Sometimes companies cold call me. When Diamond Art Club contacted me about licensing my work, I had barely heard of diamond art kits.
Though there was a lead time of many months, the Otter kit finally launched this summer and sold out in days. Producing these kits involves more than simply printing the image on an item, so it took a few months for them to restock that first piece, but it’s again available on their site.
More diamond art kit designs are coming in 2023, but I’m not allowed to share which ones yet.
I signed a new contract last week for ten of my images with an overseas company for another product, but that, too, will be something I can’t share until the middle of next year. Licensing usually involves quite a bit of time between signing contracts and actual production, so it’s work now that pays later.
Come to think of it, that’s a good way of looking at commercial art in general. Every piece I paint is an investment in future revenue.
As I wrote about my latest commission earlier this week, here’s the link if you’d like to see and read about the pet portraits I painted this year.
Every year, I begin with great plans and expectations, but things go off the rails or new opportunities show up, and the whole year becomes a series of course corrections. All I can do for delayed projects important to me is try again.
I tend to slip into a fall melancholy or winter depression most years. When it happens, I often throw my efforts into a personal project, usually painting a portrait of a screen character. I’ve painted several portraits of people, and many result in great stories to go with them. Here’s the John Dutton character painting I did last year.I realized earlier this month that I wouldn’t get to one this year, even though I had already chosen someone to paint. While disappointed, not having the time was likely due to the work I put into the markets, something I hadn’t done in previous years. However, my latest commission of Luna almost felt like a personal piece because I so enjoyed that painting.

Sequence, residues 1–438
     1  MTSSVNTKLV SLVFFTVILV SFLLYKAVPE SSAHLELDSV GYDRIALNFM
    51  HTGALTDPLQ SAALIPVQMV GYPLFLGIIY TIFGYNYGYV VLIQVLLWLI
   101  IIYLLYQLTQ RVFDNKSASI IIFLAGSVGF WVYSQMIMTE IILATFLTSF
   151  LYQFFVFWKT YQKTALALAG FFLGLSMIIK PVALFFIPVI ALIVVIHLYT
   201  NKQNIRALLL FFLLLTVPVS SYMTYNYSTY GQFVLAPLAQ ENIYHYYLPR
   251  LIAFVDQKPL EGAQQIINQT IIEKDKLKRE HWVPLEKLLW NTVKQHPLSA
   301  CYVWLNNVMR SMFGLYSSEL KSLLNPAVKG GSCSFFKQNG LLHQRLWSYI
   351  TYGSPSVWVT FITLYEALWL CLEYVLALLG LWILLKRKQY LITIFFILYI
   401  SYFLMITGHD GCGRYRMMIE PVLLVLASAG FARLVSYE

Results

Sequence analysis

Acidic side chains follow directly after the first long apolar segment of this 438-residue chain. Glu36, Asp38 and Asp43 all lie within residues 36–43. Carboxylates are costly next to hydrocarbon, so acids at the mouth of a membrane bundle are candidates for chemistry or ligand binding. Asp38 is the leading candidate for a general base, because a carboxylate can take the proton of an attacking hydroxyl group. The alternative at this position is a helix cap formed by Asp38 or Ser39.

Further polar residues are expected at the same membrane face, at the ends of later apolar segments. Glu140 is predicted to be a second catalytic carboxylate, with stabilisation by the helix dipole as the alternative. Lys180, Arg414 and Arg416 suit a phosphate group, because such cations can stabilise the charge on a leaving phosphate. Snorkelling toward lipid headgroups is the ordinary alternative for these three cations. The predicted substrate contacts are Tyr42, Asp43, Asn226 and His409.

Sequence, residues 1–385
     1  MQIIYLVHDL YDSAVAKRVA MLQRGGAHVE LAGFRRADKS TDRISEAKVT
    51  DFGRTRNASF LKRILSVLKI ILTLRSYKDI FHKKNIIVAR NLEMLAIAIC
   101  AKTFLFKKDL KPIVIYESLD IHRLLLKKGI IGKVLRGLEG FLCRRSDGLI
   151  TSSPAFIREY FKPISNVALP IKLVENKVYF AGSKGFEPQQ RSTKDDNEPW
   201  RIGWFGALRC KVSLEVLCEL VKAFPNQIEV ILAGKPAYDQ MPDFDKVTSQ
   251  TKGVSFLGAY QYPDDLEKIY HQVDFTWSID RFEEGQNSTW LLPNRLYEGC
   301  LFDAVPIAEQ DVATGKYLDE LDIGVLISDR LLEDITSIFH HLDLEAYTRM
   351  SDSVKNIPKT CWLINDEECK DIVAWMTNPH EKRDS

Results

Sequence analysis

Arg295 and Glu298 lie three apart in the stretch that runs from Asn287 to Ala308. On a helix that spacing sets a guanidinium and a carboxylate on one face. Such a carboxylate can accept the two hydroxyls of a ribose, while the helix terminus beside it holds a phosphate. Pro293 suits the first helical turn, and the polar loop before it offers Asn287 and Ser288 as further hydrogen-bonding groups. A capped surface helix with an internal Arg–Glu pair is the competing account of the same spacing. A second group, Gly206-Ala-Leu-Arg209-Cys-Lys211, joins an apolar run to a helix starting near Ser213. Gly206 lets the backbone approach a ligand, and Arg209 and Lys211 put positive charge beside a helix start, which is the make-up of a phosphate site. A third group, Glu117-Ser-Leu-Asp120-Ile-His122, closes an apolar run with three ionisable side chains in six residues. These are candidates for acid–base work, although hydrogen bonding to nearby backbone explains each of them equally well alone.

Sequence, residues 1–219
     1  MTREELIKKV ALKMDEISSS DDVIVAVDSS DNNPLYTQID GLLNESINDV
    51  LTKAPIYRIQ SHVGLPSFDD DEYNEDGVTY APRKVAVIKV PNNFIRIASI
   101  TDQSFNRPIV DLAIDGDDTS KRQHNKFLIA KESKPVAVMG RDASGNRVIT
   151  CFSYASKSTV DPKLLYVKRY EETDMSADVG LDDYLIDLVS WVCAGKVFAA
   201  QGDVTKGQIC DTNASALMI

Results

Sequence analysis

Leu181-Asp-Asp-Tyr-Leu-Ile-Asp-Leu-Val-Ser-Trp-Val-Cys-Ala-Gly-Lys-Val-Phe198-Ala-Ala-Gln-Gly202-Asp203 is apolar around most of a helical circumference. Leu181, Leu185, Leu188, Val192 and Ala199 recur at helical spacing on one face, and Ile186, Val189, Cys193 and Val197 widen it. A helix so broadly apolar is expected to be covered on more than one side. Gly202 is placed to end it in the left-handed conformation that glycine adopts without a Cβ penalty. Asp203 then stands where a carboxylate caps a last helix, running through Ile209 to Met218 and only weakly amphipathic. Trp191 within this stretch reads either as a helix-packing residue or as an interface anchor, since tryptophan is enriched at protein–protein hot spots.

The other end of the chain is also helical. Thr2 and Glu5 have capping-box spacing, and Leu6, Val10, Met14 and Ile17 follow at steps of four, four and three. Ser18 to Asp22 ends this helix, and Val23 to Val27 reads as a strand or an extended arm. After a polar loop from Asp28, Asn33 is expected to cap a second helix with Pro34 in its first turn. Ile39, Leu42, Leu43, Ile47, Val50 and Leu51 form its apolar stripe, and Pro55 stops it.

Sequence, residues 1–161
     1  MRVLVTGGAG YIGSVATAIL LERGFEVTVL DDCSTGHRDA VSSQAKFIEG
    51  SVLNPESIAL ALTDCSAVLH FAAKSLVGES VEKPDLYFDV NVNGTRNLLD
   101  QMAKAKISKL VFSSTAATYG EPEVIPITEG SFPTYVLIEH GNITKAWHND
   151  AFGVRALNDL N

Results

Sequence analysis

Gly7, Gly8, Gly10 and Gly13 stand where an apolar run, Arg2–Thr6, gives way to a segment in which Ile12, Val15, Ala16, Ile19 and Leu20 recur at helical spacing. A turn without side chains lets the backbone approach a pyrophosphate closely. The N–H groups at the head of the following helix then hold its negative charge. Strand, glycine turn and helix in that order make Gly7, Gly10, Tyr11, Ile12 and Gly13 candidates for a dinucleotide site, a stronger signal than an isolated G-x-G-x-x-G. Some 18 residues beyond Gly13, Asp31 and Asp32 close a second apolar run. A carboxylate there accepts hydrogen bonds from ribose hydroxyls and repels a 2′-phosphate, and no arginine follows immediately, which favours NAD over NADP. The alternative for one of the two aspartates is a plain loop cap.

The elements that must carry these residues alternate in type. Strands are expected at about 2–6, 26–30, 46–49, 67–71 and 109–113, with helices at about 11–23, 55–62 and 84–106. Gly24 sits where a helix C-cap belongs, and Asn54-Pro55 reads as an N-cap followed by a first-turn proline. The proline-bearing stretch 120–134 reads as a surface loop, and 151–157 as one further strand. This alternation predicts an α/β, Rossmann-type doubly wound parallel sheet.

I still had down days this fall, especially with our brutally cold November and December. But September and October were beautiful and right before the weather turned, I had a great cabin trip with my buddy, Darrel.
So the seasonal depression wasn’t as dark as it has been in recent years, and for that, I’m grateful.
On a sunny June day in Calgary, a woman ran a red light and wrote off Shonna’s car. While we had no immediately apparent injuries, we’ve been sharing one vehicle ever since and likely will until sometime in the middle of next year. Unfortunately, everything we can find, used or new, is overpriced, and we’ve heard many stories of fraudulent car dealers adding extra fees and playing bait-and-switch games. As if the near criminal behaviour of our own insurance company wasn’t bad enough.
But we bought Pedego Element e-bikes and love them. Canmore is easier to get around by bike than car, and it has become a necessity since they brought in paid parking. So we were both disappointed when winter arrived with a vengeance in November, and we had to put them away. While we had planned to get studded tires and ride the bikes all winter, as many around here do, 20″ studded fat tires are just one more item on the long list of global supply problems.
We had a wonderful vacation in August, glamping and kayaking for a week off northern Vancouver Island, a 25th-anniversary trip we had postponed at the beginning of the pandemic. It was one of the best adventures we’ve ever had.